Now, we will show that any set of N+1 numbers are all equal. Let us

take one number out of the set of N+1. We are now left with a set

of N numbers and, by our induction hypothesis, all N of these are

equal. So, we put the number we took out (call this number X)

back in the set to again make it a set of N+1 numbers. We now

take a different number out of this set (call this number Y).

Now, we once again have a set of N numbers which, by the induction

hypothesis, have all equal numbers. The only way this can happen

is if X=Y because each of X and Y are equal to the other numbers in

the set. So, any set of N+1 numbers must all be equal.

(Therefore) By induction, any set of numbers must contain numbers

which are all equal.

In particular, the set {1,2} must contain numbers which are all

equal. Thus 1=2.

Counter example to this proof =)

We use the same set- {1, 2}. Following the reasoning above, then

X = 1

Y = 2

but it doesn't follow that X = Y. I guess N=2 is the weakest link of this induction chain.

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We will prove a more general result using a simple induction argument.

We prove: Any set of numbers are all equal.

Proof:

(Base Case) -- If we have a set consisting of one number, it is clear

that all the numbers in this set are equal.

(Inductive Step) -- We assume that any set of N numbers are equal.

Now, we will show that any set of N+1 numbers are all equal. Let us

take one number out of the set of N+1. We are now left with a set

of N numbers and, by our induction hypothesis, all N of these are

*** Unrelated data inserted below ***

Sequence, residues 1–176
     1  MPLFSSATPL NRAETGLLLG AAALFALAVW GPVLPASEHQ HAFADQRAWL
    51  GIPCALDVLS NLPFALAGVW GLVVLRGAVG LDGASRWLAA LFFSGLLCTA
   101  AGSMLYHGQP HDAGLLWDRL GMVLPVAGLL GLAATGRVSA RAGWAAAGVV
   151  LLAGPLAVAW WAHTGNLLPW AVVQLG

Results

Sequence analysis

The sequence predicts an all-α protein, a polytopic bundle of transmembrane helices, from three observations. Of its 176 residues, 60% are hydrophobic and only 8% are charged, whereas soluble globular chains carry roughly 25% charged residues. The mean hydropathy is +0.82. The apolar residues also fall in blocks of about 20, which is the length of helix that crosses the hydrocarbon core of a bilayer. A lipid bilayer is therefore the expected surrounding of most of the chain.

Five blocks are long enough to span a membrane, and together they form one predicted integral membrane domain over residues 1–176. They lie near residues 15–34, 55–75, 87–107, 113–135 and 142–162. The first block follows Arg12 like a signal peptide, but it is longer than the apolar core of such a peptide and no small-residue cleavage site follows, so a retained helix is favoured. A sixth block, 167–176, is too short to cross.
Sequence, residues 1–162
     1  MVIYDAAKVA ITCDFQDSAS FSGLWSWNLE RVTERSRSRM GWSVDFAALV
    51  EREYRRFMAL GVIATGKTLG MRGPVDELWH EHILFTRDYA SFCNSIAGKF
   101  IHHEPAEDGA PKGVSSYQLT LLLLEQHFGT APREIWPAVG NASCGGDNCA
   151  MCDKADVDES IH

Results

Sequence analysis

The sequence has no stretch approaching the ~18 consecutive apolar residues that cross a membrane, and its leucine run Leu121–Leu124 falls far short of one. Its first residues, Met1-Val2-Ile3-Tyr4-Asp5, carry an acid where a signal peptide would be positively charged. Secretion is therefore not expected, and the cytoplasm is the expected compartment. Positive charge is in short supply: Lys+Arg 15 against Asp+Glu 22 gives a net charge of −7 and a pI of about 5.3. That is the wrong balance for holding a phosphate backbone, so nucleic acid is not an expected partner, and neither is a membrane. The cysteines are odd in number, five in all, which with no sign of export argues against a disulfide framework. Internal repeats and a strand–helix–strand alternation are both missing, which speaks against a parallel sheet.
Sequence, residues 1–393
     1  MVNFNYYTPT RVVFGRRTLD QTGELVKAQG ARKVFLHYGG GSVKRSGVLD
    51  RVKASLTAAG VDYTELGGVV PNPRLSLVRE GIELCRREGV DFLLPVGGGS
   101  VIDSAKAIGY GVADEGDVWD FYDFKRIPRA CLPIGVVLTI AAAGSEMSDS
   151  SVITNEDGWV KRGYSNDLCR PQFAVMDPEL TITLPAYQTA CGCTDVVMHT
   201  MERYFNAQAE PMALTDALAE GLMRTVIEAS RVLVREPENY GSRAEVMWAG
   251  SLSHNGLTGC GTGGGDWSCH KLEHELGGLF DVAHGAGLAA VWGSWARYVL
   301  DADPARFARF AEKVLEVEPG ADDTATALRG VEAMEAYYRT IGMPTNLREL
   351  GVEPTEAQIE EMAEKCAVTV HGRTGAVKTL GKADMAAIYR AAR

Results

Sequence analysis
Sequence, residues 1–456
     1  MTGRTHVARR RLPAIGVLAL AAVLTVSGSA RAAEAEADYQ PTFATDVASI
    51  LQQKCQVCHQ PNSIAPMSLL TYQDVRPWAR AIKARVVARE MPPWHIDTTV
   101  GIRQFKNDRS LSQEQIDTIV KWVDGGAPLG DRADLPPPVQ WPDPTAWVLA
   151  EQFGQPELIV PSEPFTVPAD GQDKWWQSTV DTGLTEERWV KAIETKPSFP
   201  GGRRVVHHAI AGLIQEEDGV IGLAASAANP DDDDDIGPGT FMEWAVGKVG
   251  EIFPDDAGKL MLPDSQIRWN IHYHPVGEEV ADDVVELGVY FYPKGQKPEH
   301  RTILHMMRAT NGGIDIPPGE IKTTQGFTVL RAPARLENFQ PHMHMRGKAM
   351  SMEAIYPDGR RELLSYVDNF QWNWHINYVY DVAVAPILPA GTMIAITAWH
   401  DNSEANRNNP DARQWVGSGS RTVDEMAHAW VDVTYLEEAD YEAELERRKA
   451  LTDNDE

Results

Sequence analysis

equal. So, we put the number we took out (call this number X)

back in the set to again make it a set of N+1 numbers. We now

take a different number out of this set (call this number Y).

Now, we once again have a set of N numbers which, by the induction

hypothesis, have all equal numbers. The only way this can happen

is if X=Y because each of X and Y are equal to the other numbers in

the set. So, any set of N+1 numbers must all be equal.

(Therefore) By induction, any set of numbers must contain numbers

which are all equal.

In particular, the set {1,2} must contain numbers which are all

equal. Thus 1=2.

Counter example to this proof =)

We use the same set- {1, 2}. Following the reasoning above, then

X = 1

Y = 2

but it doesn't follow that X = Y. I guess N=2 is the weakest link of this induction chain.

it's the ONLY weak link....Give a guy a little break here!

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Good thinking so far, but it's not as complicated as it looks.

You'll just have to go a bit more outside the box.

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Put a slash through the equal sign?